Second, the agricultural origins of bioethanol would allow countries that rely on imported fossil fuels to be less dependent on them. For instance, South Korea does not have its own oil reserves while transportations takes up more than 20% of the country’s total energy consumption, making them heavily rely foreign petroleum. Consequently, the Korean Ministry of Trade, Industry and Energy has promoted the utilisation of ethanol and has been testing the practicality of the biofuel since 2006. The development of ethanol industries would allow countries like South Korea to stabilise their energy production and storage systems, just as Brazil did in the 1970s.
Finally, ethanol production creates job opportunities. As the sugarcane processing in Brazil has shown, it involves various steps, including cultivation of feedstock, extraction and crystallisation of sugars in mills, and fermentation and distillation in ethanol plants. In terms of the United States, according to the RFA (Renewable Fuels Association), the production of 15.8 billion gallons of ethanol and 39.6 million metric tons of co-products and distillers oil in 2019 necessitated more than 68 000 direct jobs and 280 000 indirect and induced jobs.
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International Approaches to Ethanol Production
There are countries that promote the production and utilisation of bioethanol besides Brazil. According to the EIA (Energy Information Administration), the United States produces 1.1 million barrels of fuel ethanol per day, using corn as the main feedstock due to its abundance and low price.
China is the third-largest producer of ethanol. Like the United States, China uses corn as the primary feedstock, which accounts for more than 70% of China’s fuel ethanol production. In 2017, China announced the mandatory use of E10 fuel (gasoline with 10% ethanol-mix) from 2020, but the plan was suspended in 2020 due to a major shortage of production capacity. Still, China’s ethanol consumption is expected to continuously grow to fulfil the government’s goal of reducing air pollution through lost-cost ways.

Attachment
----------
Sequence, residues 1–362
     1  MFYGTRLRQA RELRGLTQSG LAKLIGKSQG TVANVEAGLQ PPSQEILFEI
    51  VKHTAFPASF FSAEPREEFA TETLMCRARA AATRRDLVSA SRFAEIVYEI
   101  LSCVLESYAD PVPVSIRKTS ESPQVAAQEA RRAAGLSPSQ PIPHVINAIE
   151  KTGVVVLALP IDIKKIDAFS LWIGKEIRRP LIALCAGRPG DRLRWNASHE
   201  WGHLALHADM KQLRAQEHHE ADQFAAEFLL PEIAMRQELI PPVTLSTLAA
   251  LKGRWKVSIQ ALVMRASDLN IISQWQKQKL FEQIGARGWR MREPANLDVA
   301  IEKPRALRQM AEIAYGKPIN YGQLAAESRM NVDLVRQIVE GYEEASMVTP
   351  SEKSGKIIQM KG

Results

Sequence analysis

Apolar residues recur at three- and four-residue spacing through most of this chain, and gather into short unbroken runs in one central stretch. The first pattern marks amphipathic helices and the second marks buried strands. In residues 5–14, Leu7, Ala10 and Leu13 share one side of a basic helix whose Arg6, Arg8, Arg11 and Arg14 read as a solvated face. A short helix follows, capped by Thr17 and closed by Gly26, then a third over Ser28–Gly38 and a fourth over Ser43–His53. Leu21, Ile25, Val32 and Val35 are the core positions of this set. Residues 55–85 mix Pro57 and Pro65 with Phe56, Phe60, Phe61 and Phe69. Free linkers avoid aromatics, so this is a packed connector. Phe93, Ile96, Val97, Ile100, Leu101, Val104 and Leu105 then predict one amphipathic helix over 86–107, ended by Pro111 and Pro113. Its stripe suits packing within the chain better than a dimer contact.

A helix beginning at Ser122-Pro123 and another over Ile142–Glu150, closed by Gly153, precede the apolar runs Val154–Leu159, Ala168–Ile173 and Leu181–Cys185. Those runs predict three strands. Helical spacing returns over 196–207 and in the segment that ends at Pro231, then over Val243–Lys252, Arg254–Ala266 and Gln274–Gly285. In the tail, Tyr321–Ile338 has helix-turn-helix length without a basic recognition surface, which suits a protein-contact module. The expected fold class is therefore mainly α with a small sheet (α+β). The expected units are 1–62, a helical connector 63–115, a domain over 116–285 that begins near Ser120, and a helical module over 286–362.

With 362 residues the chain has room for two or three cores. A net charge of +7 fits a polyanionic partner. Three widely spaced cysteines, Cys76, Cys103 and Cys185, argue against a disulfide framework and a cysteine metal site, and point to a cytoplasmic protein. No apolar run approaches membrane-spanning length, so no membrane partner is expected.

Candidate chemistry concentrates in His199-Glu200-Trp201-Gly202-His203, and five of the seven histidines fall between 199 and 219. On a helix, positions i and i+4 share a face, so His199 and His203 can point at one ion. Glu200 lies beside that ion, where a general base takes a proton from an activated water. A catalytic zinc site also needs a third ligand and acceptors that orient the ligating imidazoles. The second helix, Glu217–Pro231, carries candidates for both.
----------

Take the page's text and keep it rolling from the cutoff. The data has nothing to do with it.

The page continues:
Sweden, with its aim of generating zero net GHG emissions by 2050, has been committed to producing biofuels, including ethanol, since the 1990s. Ethanol represents 34% of Sweden’s biofuel, and almost all petrol includes an ethanol content of 5%. Lantmännen Energi AB, a Swedish agricultural cooperative, uses waste and bio-based materials to produce a biofuel called “Agro Cleanpower ED95”, which consists of 95% ethanol and reduces CO2 emissions by 90% in relation to ordinary gasoline.
Concerns About Ethanol Production and Consumption
A major opposing point to bioethanol is energy efficiency relative to petroleum. A gallon of fuel ethanol produces less energy than a gallon of gasoline, causing a lower fuel economy. The U.S. Department of Energy explained that E85 (a blend of 85% ethanol and 15% gasoline) has about 27% less energy per gallon than pure gasoline. Moreover, to optimise the fuel economy of ethanol, vehicles would have to be modified to run on higher ethanol blends, requiring considerable amounts of time and costs.
Some have suggested the impact of ethanol on food security and agricultural commodity prices, as the production of the biofuel would increase the demand for feedstocks, ultimately raising their prices. A 2009 study on ethanol and food prices indicated that biofuel policies have “put upward pressure on prices for corn and other food commodities” in Brazil, the US, and member countries of the European Union.
Lastly, a case study on the impacts of ethanol production in São Paulo State, Brazil, suggests that a transport policy promoting ethanol over gasoline would result in more particulate air pollution and higher levels of tropospheric ozone in São Paulo State. Similarly, Mark Z. Jacobson proposes that “using E85 will cause at least as much health damage as gasoline” despite its significance in reducing CO2 emissions.
Although Brazil did not aim to reduce GHG emissions when it first promoted ethanol production in the 1930s and even in the 1970s, the country now became the leading nation in producing the biofuel. The utilisation of the resource allowed Brazil to achieve energy independence and economic stability, encouraging others to join in producing the renewable resource. The recent trends in climate change invite us to examine and evaluate the potential of bioethanol, including its possible risks that should constantly be monitored and minimised.